Coming in the midst of a massive whistleblower testimony, all of Facebook's platforms, including Instagram and Whatsapp, went down in a global outage last Monday. The accidental shutdown lasted around five hours and had a critical impact on the vast community of business and social media influencers that rely on Facebook's services to operate.
It's not uncommon for apps to experience temporary technical issues, but these are often localised and can generally be solved within an hour. This shutdown was far more severe and led to the tech giant making a public apology via their rival platform Twitter. It stated: "To the huge community of people and businesses around the world who depend on us: we're sorry."
During the outage, many speculated as to the cause of the social media hiatus. The answer is largely technical; a botched update essentially told the BGP (Border Gateway Protocol) that their IP address does not exist. Which meant that as far as the internet was concerned, Facebook and its entourage had left the building.
And perhaps even more amusing was the reason behind the abnormal length of the interruption.
Picture this: you're a top-notch, top-tier tech expert crunching code in the upper echelons of silicon valley. You're going about your day when suddenly you realise things have gotten quiet, too quiet. You look at your phone, your phone shrugs back. You look at your colleague, your colleague went to the bathroom five minutes ago. After a bit of personal investigation you realise that Facebook is down. It's cool; you're good at your job, your colleagues are good at their jobs, all you have to do is message each other and figure out what's up. But your internal messaging system uses Facebook. And Facebook is down.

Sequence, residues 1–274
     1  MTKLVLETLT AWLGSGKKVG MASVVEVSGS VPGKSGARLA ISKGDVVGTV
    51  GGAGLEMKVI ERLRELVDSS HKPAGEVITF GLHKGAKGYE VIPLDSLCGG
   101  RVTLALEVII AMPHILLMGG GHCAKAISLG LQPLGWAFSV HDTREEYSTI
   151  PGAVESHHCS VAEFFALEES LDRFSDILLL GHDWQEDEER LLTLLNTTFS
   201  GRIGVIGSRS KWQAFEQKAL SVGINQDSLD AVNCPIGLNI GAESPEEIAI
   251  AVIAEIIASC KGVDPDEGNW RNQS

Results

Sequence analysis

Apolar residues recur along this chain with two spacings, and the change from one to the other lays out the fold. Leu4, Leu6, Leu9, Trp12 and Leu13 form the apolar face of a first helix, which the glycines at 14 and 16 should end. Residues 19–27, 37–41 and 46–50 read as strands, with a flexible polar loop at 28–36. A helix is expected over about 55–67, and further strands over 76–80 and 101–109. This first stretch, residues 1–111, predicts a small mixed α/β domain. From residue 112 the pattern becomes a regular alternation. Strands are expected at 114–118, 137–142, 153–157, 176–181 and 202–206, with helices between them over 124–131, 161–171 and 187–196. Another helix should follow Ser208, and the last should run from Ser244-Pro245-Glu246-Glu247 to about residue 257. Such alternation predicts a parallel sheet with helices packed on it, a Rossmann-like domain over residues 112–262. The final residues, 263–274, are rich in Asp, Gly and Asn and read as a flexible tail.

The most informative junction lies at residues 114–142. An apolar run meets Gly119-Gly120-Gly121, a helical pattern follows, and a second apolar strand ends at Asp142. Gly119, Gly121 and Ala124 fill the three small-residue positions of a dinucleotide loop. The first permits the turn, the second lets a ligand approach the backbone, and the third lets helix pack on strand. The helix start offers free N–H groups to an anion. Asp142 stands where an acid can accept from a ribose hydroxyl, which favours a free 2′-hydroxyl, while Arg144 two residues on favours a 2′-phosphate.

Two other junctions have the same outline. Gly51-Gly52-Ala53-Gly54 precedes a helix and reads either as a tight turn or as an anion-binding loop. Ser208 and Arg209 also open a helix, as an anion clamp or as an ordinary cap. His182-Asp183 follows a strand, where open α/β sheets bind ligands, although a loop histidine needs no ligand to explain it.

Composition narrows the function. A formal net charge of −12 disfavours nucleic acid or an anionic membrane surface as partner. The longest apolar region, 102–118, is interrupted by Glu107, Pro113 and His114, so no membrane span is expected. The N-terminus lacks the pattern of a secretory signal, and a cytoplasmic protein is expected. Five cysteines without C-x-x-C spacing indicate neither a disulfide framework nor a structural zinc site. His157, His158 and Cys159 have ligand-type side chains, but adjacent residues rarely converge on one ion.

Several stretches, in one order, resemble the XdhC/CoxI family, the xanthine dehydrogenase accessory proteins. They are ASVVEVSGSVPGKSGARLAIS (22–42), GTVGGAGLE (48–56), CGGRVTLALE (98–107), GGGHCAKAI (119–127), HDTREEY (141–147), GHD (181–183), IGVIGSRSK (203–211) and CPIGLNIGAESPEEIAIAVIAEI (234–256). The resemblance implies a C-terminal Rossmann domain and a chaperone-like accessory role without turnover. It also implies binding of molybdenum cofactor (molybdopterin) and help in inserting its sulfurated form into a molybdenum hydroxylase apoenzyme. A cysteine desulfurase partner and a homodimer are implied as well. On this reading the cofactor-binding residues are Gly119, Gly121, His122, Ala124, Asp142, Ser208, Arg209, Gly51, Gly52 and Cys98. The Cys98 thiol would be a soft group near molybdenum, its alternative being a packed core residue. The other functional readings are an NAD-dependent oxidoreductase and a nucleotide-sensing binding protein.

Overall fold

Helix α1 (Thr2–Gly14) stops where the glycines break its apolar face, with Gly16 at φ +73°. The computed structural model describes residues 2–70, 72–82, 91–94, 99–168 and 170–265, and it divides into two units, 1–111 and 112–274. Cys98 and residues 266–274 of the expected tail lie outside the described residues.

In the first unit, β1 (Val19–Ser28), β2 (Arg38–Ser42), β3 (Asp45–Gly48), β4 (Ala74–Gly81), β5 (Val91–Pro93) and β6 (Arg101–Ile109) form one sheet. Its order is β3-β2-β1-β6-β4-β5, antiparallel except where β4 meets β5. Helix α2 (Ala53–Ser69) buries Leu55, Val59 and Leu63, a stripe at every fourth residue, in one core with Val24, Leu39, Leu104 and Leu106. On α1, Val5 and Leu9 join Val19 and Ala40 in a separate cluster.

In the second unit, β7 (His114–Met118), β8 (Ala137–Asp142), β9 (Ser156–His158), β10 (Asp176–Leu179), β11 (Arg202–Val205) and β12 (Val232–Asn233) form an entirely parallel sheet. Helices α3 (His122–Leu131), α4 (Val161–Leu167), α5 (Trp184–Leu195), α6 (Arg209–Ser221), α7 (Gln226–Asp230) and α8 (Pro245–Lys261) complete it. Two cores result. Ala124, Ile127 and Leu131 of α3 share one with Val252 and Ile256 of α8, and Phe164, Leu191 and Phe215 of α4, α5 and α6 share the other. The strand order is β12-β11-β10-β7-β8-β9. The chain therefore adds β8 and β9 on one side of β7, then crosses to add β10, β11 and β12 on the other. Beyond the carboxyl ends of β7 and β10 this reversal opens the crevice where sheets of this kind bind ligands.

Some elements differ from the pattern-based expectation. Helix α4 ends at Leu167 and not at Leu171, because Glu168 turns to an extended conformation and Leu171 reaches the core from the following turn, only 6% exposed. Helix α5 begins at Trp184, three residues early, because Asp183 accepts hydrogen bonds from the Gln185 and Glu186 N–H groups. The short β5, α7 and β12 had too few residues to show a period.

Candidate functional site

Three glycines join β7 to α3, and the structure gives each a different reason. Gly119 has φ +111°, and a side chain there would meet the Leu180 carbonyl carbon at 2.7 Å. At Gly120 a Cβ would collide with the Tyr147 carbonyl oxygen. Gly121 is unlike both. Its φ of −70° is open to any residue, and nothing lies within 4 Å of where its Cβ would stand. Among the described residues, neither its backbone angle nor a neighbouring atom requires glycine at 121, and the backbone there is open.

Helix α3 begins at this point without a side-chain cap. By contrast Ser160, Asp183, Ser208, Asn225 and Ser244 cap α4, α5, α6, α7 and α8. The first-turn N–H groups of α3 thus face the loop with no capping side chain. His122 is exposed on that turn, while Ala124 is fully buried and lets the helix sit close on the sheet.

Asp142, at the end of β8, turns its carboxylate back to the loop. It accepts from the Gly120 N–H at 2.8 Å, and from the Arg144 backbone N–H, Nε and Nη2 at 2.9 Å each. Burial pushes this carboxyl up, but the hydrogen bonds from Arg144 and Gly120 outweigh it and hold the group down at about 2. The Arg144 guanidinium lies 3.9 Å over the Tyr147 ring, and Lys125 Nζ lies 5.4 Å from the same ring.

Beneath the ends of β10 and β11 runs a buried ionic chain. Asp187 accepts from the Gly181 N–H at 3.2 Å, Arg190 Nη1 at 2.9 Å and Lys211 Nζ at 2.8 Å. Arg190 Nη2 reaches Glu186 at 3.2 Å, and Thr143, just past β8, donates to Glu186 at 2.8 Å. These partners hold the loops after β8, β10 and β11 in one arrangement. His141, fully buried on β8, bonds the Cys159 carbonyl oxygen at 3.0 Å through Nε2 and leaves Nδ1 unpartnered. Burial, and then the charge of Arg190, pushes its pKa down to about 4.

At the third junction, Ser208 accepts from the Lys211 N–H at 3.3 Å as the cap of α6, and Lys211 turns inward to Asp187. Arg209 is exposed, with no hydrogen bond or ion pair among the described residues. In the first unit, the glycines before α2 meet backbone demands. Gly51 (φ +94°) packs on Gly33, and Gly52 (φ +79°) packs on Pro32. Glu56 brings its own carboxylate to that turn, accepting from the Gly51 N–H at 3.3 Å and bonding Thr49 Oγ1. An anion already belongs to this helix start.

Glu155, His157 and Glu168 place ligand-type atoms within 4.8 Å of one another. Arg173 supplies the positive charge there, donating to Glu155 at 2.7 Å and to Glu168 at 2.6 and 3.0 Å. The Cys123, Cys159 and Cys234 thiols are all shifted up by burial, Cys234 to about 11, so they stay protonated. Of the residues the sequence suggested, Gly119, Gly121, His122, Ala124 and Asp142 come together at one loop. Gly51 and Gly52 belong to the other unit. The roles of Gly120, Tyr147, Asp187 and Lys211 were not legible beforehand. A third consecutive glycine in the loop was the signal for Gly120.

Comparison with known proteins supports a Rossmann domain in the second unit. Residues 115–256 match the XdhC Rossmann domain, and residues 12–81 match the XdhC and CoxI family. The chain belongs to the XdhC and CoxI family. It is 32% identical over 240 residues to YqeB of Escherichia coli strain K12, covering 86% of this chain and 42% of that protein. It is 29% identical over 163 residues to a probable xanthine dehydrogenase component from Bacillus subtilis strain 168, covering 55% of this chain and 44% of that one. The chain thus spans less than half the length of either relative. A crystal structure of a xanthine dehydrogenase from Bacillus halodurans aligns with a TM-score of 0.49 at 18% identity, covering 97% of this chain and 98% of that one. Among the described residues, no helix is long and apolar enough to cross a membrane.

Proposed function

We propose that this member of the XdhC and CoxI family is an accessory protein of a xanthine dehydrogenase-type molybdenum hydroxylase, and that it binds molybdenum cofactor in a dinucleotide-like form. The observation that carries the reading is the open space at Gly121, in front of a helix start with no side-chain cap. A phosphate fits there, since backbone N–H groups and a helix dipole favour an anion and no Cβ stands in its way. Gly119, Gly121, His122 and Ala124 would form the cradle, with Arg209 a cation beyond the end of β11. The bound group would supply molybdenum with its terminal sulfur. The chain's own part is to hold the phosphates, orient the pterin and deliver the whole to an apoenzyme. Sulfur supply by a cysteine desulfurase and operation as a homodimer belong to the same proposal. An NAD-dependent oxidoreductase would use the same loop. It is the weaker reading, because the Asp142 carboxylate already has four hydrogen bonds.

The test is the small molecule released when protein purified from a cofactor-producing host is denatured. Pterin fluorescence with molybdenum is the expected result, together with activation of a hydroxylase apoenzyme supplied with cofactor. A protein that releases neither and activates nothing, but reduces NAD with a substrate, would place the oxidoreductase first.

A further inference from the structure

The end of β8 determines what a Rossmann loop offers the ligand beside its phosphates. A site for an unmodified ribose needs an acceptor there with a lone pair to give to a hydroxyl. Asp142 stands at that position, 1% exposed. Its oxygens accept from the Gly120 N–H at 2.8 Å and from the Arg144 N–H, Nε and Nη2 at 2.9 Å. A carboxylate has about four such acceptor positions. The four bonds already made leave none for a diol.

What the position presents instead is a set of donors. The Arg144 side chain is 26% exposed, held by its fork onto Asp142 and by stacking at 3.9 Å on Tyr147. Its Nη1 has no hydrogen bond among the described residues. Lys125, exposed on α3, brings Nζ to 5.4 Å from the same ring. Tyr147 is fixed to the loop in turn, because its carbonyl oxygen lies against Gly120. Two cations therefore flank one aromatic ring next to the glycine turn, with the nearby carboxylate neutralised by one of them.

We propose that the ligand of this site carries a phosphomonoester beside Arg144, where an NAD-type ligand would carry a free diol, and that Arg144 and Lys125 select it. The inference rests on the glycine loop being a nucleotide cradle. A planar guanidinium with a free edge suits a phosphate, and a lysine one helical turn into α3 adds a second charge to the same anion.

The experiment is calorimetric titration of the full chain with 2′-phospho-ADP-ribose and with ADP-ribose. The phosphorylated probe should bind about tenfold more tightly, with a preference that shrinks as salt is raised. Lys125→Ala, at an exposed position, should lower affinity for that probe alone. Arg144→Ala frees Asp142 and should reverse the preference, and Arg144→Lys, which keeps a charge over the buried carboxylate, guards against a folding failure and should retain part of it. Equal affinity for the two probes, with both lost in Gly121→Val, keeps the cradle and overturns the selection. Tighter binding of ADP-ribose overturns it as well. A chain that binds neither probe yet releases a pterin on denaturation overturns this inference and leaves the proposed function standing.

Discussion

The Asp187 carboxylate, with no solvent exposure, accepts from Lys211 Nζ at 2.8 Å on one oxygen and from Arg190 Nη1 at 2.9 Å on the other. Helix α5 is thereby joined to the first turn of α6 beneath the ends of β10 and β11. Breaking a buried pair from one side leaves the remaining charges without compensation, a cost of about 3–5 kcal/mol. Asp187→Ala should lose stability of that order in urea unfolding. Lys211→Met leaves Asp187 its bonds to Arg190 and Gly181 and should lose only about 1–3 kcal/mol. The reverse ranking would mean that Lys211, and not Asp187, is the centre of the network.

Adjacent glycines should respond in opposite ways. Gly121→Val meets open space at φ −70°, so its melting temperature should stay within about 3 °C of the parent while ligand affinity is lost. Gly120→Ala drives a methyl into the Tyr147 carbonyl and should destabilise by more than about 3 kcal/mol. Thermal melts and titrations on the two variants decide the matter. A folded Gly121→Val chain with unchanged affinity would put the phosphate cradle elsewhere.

What followed was what I can only presume to have been an emotional back-and-forth that saw each member of the Facebook team accuse the other of being responsible for sensible in-house communication protocols.
Since their security pass system was caught in the outage, the employees were unable to even access areas within their office. Eventually, the decision was made to just send someone out to the Californian servers and sort it all out manually.
Overall, the one-two combo of Haughen's whistleblower testimony and the global outage saw Facebook's share price drop by almost 5%, and Mark Zuckerberg's personal wealth plummet by 6 billion US dollars, leaving him with an estimated worth of only $121.6 billion. A devastating blow to the tech giant, I'm sure.
As a side note, the corporation paid £28 million in UK taxes in 2020 after its UK-based revenue reached £1.6 Billion. That's just under 1.8%. Corporation tax is generally set to 19%. Kudos to the UK government for doing their bit to help Facebook battle through these trying times.